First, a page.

Wednesday, July 2, 2014

Attending my First ISTE Conference: Thoughts and Plans

My First ISTE Conference Experience: Thoughts and Plans This was my first time going to an ISTE Conference. It was big. It was overwhelming. It was information overload. It was fun. All that said, I feel like I left armed with knowledge and tools to make a huge positive difference in my school district, specifically relating to professional development for teachers and increasing engagement for the students. 

 At times, there were so many people there, I was standing arm to arm and could barely move, mostly at the poster sessions, because others were all trying to get information and resources. Other times, people were lined up to scan the QR codes, get the links and move on. I did the same, simply because I needed to get to other tables/posters because of time limitations. 

 As with any conference, some workshops you go to have excellent information, and you walk away with really good information. Other workshops have a clever title and are just not what you expect. One thing I experienced at ISTE, is that some workshops were so popular that there was no way of getting in. If you had a ticket before hand; you’re safe. But if the workshops were first come, first serve, and didn’t require a ticket, and were popular, it was frustrating because there was no chance of getting in. As I reviewed my schedule of the workshops I signed up for and poster sessions I wanted to visit, I noticed a common theme, which are obviously specific to either what I currently do or endeavors I would like to pursue at my school. The themes specific to my job this year were BYOD, Math resources, digital citizenship, and Ed-Tech Coaching. Our district is moving forward with BYOD and I gained many insights. I teach mathematics and work with social media so I also have many new resources in those areas. It seems that other school district ed-tech integration coaches and specialists are an excellent resource for teachers thus improving student education. I really feel the students and staff in our district could benefit from this having someone serve in this role. 

Before I went to the conference, I read blogs that offered advice to ISTE first timers. The suggestions included to be ready for information overload, stay hydrated, don’t over schedule, and be sure to network. I found the tips very useful. It feels good to walk away knowing that other teachers, administrators, and school districts are going through similar situations regarding educational technology, specifically BYOD and Ed-Tech Coaches. 

There were many workshops and poster sessions where presenters discussed their experiences of successes, challenges, research, resources, and frameworks in regards to new educational trends that increase student learning and engagement and motivate and improve teaching. It’s always great to learn about new technology that can be implemented in the classroom as well.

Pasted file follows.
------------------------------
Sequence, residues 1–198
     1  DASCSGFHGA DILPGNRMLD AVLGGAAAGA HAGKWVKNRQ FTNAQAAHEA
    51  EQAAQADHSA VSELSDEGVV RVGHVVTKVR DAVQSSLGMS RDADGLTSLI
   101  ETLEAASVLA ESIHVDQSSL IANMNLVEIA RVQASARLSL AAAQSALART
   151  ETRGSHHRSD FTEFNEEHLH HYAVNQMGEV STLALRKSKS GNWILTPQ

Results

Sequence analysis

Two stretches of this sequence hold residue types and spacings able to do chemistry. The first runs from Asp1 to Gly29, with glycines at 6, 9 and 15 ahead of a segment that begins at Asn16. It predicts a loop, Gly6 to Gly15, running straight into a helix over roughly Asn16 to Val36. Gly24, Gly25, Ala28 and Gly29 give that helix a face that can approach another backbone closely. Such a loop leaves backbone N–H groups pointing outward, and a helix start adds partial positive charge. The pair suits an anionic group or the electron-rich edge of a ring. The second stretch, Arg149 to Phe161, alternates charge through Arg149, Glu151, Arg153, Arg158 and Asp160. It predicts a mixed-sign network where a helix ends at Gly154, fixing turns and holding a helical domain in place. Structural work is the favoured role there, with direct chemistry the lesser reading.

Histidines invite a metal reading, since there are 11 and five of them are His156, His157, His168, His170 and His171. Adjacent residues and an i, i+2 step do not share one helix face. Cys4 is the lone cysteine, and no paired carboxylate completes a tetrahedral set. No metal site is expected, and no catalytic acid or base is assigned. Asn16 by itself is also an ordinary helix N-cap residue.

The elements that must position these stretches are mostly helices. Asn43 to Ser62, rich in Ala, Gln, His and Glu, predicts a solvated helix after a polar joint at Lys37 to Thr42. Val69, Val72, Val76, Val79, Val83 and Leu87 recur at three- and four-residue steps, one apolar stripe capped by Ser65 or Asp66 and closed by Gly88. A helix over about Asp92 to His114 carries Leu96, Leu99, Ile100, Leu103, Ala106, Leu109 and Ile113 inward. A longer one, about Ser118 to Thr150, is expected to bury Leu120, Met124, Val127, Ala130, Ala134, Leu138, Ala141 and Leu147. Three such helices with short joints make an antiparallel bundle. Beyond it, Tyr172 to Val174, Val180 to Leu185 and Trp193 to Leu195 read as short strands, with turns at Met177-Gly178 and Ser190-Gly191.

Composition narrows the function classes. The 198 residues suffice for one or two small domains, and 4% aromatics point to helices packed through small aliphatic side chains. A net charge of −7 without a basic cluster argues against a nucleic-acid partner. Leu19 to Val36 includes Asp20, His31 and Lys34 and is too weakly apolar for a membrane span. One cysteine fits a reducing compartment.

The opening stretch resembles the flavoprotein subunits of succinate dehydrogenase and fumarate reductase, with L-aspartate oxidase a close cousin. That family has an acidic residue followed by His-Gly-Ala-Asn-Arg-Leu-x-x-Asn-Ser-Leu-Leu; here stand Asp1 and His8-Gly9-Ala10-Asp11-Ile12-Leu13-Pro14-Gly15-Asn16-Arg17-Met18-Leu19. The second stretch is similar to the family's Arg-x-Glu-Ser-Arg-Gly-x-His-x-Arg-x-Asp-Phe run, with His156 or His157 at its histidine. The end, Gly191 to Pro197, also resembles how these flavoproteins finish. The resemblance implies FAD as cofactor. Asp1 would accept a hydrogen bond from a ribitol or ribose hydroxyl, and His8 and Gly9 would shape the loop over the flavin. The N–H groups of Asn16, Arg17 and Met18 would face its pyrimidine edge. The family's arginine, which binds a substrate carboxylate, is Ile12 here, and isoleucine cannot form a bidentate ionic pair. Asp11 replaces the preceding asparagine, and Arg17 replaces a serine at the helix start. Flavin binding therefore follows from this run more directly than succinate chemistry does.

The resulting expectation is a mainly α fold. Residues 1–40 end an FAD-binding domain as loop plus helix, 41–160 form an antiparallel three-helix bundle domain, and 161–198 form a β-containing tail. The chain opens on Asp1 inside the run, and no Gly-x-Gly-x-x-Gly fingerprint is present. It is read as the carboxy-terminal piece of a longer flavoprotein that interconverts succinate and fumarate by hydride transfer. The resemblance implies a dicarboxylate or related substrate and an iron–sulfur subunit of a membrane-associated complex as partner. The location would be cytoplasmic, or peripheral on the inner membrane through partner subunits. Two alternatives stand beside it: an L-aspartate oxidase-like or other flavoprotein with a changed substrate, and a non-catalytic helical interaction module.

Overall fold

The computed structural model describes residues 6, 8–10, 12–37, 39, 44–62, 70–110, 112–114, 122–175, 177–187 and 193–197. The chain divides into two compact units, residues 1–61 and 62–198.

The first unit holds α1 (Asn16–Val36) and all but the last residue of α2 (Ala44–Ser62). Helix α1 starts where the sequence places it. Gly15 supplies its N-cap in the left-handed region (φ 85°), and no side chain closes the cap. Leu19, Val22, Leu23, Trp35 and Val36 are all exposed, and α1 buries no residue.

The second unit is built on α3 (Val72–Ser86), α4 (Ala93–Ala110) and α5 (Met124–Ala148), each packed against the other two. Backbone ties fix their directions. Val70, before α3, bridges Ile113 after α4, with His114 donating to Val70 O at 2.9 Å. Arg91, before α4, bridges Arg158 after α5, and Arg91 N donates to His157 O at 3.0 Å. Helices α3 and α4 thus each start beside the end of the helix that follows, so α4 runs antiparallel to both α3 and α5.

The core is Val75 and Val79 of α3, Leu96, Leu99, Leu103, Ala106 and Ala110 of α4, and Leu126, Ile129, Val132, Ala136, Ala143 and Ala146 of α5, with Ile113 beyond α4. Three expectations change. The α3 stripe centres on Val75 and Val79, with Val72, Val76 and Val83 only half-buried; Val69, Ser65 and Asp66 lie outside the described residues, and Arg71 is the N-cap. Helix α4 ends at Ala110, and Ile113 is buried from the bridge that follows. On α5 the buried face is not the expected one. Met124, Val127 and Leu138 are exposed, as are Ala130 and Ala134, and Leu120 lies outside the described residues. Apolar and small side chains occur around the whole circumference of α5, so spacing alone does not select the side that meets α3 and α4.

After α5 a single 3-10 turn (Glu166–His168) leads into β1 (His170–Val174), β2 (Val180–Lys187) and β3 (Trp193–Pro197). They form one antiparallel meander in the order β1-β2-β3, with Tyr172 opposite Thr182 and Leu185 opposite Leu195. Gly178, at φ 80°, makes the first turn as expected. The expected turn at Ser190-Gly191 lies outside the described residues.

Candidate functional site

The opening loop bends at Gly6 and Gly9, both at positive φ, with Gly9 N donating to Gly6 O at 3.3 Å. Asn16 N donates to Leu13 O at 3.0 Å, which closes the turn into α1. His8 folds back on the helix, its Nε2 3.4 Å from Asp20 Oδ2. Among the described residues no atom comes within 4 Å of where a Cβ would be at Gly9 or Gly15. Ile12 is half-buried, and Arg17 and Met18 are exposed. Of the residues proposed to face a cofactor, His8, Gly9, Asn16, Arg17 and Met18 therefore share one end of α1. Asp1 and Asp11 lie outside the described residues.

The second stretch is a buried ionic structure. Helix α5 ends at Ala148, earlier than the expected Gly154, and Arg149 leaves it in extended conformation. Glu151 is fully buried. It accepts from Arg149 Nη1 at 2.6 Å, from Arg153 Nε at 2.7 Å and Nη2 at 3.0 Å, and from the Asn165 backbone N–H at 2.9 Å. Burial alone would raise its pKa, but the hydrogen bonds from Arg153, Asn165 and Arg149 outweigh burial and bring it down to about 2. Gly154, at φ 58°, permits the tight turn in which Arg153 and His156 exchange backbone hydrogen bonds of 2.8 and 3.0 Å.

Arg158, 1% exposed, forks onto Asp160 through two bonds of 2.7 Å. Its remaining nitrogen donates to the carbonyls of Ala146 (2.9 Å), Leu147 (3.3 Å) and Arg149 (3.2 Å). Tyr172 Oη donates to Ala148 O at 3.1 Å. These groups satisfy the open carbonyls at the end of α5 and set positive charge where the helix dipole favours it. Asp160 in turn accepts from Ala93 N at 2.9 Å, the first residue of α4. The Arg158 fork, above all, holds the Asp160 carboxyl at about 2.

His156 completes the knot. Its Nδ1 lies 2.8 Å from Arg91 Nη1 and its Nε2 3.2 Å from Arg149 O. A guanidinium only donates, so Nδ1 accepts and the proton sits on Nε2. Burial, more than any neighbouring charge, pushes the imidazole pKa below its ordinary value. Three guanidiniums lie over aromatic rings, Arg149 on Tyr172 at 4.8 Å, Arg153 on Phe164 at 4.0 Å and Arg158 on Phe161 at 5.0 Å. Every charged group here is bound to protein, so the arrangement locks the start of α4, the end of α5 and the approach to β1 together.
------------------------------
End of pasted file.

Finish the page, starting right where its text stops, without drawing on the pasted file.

One day I was disappointed to miss (the very first day simply due to work/scheduling purposes as I was scheduled to arrive Friday evening and begin the conference on Saturday morning) was the day long #edcamp experience. The #edcamp seems to be a new PD trend amongst teachers and school districts everywhere, but I look forward to learning about this from a more local perspective in the future.

Two trends that I seemed to pick up on, just from being there, listening, and seeing what vendors were pushing are: standards-linked curriculums, and pushing ed-tech startups. I’m guessing these trends may either increase or decrease in popularity in the future. 

 My next step is to sit down, review the information I learned and gathered, create and manage a plan, and put the information and resources to good use.

Tuesday, April 1, 2014

Geometry Technology Tools and Strategies in a Co-Taught Classroom

Educational Technology
  • to create quizzes
  • allows the students to explore and discover concept through reading and writing interactive "Gizmos" on the computer
  • allows viewing of videos that parallel real life concepts and Geometry concepts (for example surface area of the Egyptian pyramids)
  • MS OneNote allows for organizing, archiving, and modifying guided note-sheets to use every year
  • Geometer's Sketchpad allows students to discover geometry concepts through creating and interacting on a computer program
  • Brainpop contains quick videos and resources about basic math and geometry concepts
  • IXL allows students to practice concepts with walk-throughs and feedback
  • KhanAcademy allows students to research and watch video presentations of similar concepts learned in class
  • Kuta software to create tests, quizzes, and problems on the overhead for dry erase board work
Individual and Class Based Accommodations
  • Read-aloud instructions on homework, labs, quizzes, and tests